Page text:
Tuesday, January 22, 2019


Walking Each Other Home

Christine and I have stepped off seven plus decades of time while we have inhabited earth. Our cadence was distinct and independent through our first two decades of life and then we met. Immediately we found a rhythm, a shared stride while dating at college. That uniform gait breezed us effortlessly past other sidewalkers to graduation and marriage. In unison we strode our way through unfamiliar terrain illuminated by faith in One who prescribes our steps. Came work. Came babies. Came Joys. Came hardships. Mutual trust was fundamental to our ongoing unified pace. Not easy for her to walk with a flawed partner for whom perfection was imperative. Not easy for me to recognize the defects in my own march. I didn't see. Not then. I didn't see that she walked to my beat. Always. I didn't see. She was entitled to tramp her own trail. So gifted she was that her own walk could have taken her farther. I didn't see. A trail not separate from but conjoint with mine. That even so we could have trekked together. She was patient. I didn't see and my culture didn't teach me. Exceedingly patient, she. Along our dual journey it was I who received an honour here, a recognition there. And she was always glad for me. Yet she should have been applauded. She deserves such celebration still. Wondrous person, she, I have sensed for a long time, that though we walk together, it is she who sets the pace. Challenges appear as time goes on and while our pace slows down, we each are content in knowing that we are walking each other home.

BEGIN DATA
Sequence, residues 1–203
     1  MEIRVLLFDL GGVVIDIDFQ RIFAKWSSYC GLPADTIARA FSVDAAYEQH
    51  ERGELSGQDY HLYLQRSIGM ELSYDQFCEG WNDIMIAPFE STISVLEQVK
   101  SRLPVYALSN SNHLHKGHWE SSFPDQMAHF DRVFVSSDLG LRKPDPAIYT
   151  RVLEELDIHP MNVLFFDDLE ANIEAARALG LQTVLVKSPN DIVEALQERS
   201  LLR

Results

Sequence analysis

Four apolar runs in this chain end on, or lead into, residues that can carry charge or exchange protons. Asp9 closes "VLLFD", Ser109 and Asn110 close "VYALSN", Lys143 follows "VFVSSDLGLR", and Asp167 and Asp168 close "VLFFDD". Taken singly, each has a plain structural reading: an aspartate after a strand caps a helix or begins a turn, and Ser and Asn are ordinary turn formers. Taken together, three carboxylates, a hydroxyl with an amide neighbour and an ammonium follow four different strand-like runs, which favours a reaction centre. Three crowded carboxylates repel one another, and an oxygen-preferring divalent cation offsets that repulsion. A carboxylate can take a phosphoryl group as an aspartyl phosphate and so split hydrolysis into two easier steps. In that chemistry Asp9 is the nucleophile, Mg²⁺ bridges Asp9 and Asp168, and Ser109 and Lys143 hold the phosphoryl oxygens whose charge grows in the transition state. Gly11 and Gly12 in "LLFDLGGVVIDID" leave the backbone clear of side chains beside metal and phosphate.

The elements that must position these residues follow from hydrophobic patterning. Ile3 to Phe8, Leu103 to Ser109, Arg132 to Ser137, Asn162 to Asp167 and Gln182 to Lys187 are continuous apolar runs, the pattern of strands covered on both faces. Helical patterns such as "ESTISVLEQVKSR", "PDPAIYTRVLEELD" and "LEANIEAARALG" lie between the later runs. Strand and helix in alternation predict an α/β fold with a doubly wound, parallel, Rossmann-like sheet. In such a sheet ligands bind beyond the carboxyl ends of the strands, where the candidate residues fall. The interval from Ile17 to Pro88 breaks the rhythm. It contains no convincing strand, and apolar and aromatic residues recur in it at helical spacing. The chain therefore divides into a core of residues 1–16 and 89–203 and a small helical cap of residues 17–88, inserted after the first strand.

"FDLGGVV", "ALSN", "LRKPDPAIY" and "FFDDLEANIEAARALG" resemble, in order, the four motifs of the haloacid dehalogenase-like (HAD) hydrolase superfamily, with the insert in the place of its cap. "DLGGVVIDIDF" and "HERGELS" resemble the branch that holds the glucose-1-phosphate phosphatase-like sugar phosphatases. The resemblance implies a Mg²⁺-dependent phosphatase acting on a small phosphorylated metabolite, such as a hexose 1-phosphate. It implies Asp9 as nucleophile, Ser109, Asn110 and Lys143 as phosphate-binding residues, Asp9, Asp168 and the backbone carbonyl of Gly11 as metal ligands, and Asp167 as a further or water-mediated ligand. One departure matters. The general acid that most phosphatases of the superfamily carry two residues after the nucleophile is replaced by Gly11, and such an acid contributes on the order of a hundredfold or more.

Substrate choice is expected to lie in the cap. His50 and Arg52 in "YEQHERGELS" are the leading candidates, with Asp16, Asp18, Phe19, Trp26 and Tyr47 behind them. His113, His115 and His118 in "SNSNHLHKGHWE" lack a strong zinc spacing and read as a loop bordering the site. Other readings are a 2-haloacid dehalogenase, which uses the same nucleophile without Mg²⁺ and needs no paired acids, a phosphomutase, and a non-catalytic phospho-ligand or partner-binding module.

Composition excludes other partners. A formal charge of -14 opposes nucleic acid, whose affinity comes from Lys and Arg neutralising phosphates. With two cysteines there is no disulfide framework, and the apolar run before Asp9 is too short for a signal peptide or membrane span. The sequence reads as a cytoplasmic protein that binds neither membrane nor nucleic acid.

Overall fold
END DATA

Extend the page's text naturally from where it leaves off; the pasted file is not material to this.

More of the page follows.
© Ron Unruh, January 2019

Monday, January 14, 2019


She will need to forgive me for doing this. No, I’ll need her forgiveness. She doesn’t care for attention, doesn’t need it, not from me, but how else can I celebrate the experience she gave me to be a dad, her dad, and she was my first child, my parents’ first grandchild.

Why shouldn’t I be reflective today. She is 50 today. I mean she is 50 years of age as of today, and I mean my girl, my daughter. Carinne May Unruh she was named the day that she arrived. “Carinne,' because Christine and I had played with names and sounds and enjoyed this one. We anticipated that we and others would eventually call her Cari. “May”was Christine’s mother’s name, and Christine herself was Christine Frances May Langlois. It honoured Grandma Langlois that Carinne would carry her name as well.

Cari arrived after hours of Christine’s personal birthing agonies that I as a husband could not share. I mean prospective dads were not allowed to be with their wives in those years. This was Mississauga General Hospital, fairly new and one would think modern, but traditional policies carried on. I could pop in briefly to feebly commiserate with Christine from time to time, that was it. No dads in the delivery room. So I waited with other men for word that our babies had been born. It seemed that one by one, doctors arrived with a baby to show a dad. From a distance I could see babies with black hair, brown hair, auburn hair and skin tones, black, brown, and tan.  Then one by one the men left the waiting room and I remained. Christine was having a very difficult time. At last our doctor was at the door with a bundled baby in his hands to show me. He was smiling. I jumped up and came close to this small pinkish girl’s face, tiny nose and mouth with a head full of one inch high fuzzy white spiked hair. My heart said, “Of course, she is ours, look at her ... oh she’s beautiful.” And looking back at me from that lovely small face were these soft, blue eyes.” Blue eyes !! Christine has the most entrancing dark brown eyes. My eyes are hazel brown. But my mom had blue eyes, and my brother Murray, the child my mom loved most. Christine’s family enjoyed blue eyes.